This month’s cover story lays out in detail the status of optometric scope expansion in the US, highlighting the many gains earned in recent years and the vigorous efforts presently underway in at least a dozen states. There’s a lot to be excited about right now. But if you’ll load that page and look at the chart detailing the range of optometric scope state by state, you’ll see a dizzying amount of variation.

In researching the legal status of 10 different advanced responsibilities—laser procedures, oral meds, injections, minor surgeries and the like—we found that not a single category has been uniformly rolled out yet in the US. Instead, all 50 states plus the District of Columbia each present to their communities a slightly (sometimes radically) different conception of optometry than their neighbors. It’s confusing, frustrating and just plain exhausting.

It’s also here to stay. The prospects for enacting a nationwide optometry law, settling once and for all the legal status of the profession uniformly, are dim. Any effort of that sort would need the vigorous support of numerous optometric institutions that may not have the time or resources to put in the work on such a Herculean task. So, we’re left with the image of optometry as the biggest Baskin Robbins freezer case you could ever imagine.

This certainly doesn’t help optometry integrate into the broader healthcare delivery system. When the capabilities of practitioners diverge so widely across state lines, it makes it easier for insurers, policymakers and doctors from other corners of healthcare to just wash their hands of it and favor ophthalmology, the known quantity in eye care.

But there are a few encouraging developments that might ease the path to legal parity for optometrists across states.

First, if optometry’s advocates are able to craft “as-taught” legislation, which allows practitioners to perform any procedure they trained on, it will cut down on the number of scope bills and battles. It recently came to light that ODs in Wisconsin have been quietly—and successfully—performing a variety of advanced procedures under such a philosophy instead of formally seeking legal action on every specific new responsibility (see news story). Naturally, opponents are already crying foul. If the Wisconsin model survives challenges from ophthalmology, it can be emulated elsewhere.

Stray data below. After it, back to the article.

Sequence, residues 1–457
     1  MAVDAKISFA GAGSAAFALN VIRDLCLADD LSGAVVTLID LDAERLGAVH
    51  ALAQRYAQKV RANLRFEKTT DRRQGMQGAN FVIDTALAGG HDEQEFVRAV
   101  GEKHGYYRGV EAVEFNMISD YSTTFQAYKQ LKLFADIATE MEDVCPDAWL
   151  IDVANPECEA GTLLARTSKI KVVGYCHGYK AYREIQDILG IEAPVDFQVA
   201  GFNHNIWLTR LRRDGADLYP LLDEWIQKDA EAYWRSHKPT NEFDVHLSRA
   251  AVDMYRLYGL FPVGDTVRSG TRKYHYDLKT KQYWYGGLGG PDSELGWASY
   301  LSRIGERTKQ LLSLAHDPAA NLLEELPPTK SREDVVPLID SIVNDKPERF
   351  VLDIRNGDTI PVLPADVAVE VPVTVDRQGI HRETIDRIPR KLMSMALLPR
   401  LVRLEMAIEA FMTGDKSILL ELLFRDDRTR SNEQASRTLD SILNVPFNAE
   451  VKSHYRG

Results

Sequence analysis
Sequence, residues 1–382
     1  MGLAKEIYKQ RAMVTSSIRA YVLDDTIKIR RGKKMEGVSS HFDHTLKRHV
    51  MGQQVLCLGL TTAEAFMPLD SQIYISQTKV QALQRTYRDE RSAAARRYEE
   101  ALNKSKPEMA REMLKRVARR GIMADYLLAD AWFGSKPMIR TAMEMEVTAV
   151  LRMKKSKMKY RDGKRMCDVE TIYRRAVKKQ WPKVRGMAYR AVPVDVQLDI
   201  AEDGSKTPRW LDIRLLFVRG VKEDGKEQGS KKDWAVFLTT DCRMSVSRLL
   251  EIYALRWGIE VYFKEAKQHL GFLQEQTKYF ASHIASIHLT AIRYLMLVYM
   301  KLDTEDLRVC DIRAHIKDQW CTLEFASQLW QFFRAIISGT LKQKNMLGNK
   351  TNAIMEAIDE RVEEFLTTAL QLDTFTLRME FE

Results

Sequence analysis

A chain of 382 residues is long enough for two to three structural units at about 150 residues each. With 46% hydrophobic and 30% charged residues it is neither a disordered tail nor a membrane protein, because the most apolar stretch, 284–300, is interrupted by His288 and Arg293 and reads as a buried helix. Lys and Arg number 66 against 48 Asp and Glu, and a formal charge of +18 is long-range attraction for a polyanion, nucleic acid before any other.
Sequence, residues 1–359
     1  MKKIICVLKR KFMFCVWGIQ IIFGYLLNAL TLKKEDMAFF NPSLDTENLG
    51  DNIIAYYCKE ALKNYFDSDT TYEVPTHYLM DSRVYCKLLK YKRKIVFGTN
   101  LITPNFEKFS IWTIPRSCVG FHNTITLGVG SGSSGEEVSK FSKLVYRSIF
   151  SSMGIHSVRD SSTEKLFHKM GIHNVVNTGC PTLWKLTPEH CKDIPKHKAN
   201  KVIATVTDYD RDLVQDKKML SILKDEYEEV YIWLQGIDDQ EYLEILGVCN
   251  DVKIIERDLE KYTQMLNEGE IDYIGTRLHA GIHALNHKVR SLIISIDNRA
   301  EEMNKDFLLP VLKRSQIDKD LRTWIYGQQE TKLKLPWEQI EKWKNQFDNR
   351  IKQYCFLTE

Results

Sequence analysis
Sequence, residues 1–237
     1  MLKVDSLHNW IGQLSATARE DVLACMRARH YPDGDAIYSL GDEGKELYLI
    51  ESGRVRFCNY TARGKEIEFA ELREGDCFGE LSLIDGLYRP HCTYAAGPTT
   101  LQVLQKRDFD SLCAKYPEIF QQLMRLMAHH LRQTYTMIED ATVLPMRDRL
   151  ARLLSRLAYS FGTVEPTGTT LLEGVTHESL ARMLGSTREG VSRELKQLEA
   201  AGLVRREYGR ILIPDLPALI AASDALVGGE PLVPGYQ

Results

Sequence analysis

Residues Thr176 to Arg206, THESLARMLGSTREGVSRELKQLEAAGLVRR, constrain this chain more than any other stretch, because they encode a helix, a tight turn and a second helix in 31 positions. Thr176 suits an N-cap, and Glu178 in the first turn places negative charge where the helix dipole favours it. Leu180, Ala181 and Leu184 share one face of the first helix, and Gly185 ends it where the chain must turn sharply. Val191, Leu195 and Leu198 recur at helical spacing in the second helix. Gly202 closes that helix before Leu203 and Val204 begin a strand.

Second, the case being made for scope expansion is evolving. The long-standing argument that it would expand access to care in rural areas does still have merit, of course, but we’re approaching a time when we’ll no longer need that crutch. California got a laser bill to the one-yard line in 2022 and New Jersey, the most densely populated US state, has one in session now. Everyone benefits from optometric scope expansion (psst, including ophthalmologists, if they could ever abandon their blinkered view of things). 

Third, a rising tide lifts all boats. Every successful expansion bill makes the next one that much easier to pass, as advocates have more precedents to point to.

Lastly, of course, surging demand for eye care and a declining supply of ophthalmologists pretty much make it a foregone conclusion. Whether it’ll take years or decades, the endgame of scope expansion is obvious.

Until then, enjoy your time in the ice cream parlor. I hear Pralines & Cream is nice.